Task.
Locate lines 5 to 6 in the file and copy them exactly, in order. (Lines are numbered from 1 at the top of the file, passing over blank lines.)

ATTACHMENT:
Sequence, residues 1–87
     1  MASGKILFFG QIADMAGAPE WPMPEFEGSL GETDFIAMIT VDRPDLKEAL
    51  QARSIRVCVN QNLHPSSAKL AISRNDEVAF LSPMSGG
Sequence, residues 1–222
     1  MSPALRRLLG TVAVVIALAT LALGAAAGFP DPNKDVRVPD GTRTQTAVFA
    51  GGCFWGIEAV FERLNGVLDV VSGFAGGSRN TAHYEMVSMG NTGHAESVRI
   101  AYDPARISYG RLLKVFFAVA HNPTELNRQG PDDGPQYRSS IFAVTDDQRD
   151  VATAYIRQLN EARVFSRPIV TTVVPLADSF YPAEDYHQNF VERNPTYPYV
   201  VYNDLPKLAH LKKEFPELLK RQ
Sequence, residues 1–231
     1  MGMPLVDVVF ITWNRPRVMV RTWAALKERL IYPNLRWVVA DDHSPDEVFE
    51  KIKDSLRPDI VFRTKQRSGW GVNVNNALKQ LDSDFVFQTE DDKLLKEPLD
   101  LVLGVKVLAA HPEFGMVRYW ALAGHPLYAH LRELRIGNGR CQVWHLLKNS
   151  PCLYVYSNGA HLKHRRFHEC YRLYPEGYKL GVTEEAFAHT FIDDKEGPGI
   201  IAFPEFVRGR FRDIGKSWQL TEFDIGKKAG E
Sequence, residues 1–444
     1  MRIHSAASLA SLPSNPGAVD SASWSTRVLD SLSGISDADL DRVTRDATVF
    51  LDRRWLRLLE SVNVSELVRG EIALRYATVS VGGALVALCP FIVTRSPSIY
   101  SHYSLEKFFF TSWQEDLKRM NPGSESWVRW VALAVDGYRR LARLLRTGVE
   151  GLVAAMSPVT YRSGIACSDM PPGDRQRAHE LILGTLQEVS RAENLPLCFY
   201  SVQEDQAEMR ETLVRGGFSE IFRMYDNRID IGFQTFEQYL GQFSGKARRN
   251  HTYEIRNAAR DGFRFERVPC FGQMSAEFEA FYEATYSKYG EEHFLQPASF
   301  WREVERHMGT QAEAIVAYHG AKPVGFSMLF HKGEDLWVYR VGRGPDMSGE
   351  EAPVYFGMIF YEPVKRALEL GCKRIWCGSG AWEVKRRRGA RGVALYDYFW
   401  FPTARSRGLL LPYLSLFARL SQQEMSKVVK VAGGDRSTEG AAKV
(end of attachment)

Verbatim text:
     1  MSPALRRLLG TVAVVIALAT LALGAAAGFP DPNKDVRVPD GTRTQTAVFA
    51  GGCFWGIEAV FERLNGVLDV VSGFAGGSRN TAHYEMVSMG NTGHAESVRI